Maybe you think the presidential election will come down to the issues. That would mean looking at how Barack Obama and Mitt Romney differ on important matters or, in many cases, how they don't. Or perhaps the election might be all about money and the shadowy Super PACs that will bombard us with TV advertising.
But often the campaign dwells on something else: gaffes.
What's a "gaffe"? One of those unscripted or "off-message" comments which, according to big-media pundits, are deeply revealing.
Here's the bad news: The presidential campaign has barely even started. And the worse news: The media is in full-on gaffe mode.
The gaffe season was in full swing a few weeks back when Barack Obama said at a press conference that the private sector is "doing fine." He was comparing the employment picture among private companies to that of the public sector — government jobs. I suspect even the White House would agree this was not well put. But it happened to be an accurate observation. The number of private-sector jobs has rebounded to about what it was when Obama took office, while the number of government jobs has declined by more than 600,000. Meanwhile, corporate profit margins are at record-high levels.
Romney's campaign used this supposed gaffe to illustrate how Obama "doesn't understand business," which is its main line of attack. Those few ill-chosen words would form the basis for many thousands of words that would attempt to tell us how this comment would affect, or even define, the presidential campaign season.
And just think: We've got at least four more months of this to come. Not too long after Obama's comments about the private sector's well-being came a "mini-gaffe," where reporters spent the better part of an afternoon suggesting that Mitt Romney was dazzled by the sandwich kiosks at a Wawa convenience store.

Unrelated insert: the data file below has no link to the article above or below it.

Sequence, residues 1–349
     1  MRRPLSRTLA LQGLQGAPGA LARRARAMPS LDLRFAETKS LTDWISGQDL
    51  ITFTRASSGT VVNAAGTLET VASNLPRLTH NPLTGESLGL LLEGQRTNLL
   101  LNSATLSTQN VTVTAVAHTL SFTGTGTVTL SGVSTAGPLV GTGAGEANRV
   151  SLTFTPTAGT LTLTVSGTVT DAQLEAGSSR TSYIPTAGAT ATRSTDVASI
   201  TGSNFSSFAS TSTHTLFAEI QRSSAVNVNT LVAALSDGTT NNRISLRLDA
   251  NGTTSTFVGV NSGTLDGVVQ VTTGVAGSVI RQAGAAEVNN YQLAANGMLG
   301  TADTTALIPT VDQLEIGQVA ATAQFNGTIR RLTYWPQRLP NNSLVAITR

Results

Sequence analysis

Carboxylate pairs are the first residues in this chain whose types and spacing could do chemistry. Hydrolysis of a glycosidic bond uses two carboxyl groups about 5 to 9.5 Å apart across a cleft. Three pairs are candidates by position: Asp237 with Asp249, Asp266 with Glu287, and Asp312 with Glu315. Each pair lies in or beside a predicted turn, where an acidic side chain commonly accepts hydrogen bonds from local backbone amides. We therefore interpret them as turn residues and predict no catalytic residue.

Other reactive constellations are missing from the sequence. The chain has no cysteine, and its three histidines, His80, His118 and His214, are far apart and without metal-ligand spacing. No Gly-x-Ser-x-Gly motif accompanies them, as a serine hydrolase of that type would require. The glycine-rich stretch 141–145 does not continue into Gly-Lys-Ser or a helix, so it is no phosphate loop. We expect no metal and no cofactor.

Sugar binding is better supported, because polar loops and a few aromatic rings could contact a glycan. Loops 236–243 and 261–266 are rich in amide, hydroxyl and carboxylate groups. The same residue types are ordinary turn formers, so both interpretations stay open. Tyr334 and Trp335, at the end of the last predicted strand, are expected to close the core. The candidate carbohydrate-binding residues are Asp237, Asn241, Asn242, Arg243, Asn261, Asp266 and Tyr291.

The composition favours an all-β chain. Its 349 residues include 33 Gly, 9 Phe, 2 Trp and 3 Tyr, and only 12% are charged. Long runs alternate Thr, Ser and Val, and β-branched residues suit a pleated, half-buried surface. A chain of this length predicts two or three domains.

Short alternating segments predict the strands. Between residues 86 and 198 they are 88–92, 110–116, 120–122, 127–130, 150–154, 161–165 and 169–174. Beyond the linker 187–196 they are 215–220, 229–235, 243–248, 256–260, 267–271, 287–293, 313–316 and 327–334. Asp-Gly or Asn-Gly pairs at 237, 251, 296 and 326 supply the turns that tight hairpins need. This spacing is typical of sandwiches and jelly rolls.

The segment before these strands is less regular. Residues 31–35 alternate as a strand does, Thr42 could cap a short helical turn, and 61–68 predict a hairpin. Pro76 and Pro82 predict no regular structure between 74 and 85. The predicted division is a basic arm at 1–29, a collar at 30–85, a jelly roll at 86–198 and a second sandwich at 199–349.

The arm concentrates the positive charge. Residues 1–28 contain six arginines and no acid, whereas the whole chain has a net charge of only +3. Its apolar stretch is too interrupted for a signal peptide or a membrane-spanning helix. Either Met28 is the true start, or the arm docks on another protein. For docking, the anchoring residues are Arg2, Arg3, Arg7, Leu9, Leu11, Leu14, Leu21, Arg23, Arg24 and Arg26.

That sandwich flap followed a cascade of out-of-touch comments from Romney that were so absurd that Mad Magazine created a quiz to see if readers could distinguish the ''GOP candidate's gaffes from zany things uttered by Mr. Burns on The Simpsons." "I like being able to fire people who provide personal services to me"? Romney. "I'm really enjoying this so-called 'iced cream'"? The filthy-rich owner of the Springfield Nuclear Power Plant on the TV show. Mitt Romney has, however, had trouble identifying chocolate doughnuts and treating locally revered cookies in Pennsylvania with the appropriate degree of reverence.
One of the strangest things about all of this "gaffe" business is that it's so transparently phony. A campaign seizes upon a minor event. It makes a quick web video. And reporters spend days, if not weeks, pondering the meaning of it all.
Of course, the same journalists could do something else entirely. They could cover the issues that actually matter. Or maybe, believe it or not, fact-check the candidates' claims and counter-claims. Without journalists playing that role, campaigns are developing a monopoly over defining which issues should matter to voters.
Too many campaign reporters are behaving like they're on the weather beat. They're telling folks what happened that day, and maybe what's likely to happen tomorrow. But that's not really the way it should work. Journalists don't just observe the action. They are active participants in the campaign, making choices about what to treat as important news and what to ignore.
Waiting around for candidates or spokespeople to misspeak — is this any way to run a democracy? Of course not. But so long as big media sticks to the campaign "narratives" and wastes time wondering what the latest poll numbers might mean, it makes it that much harder to fix what is so obviously broken.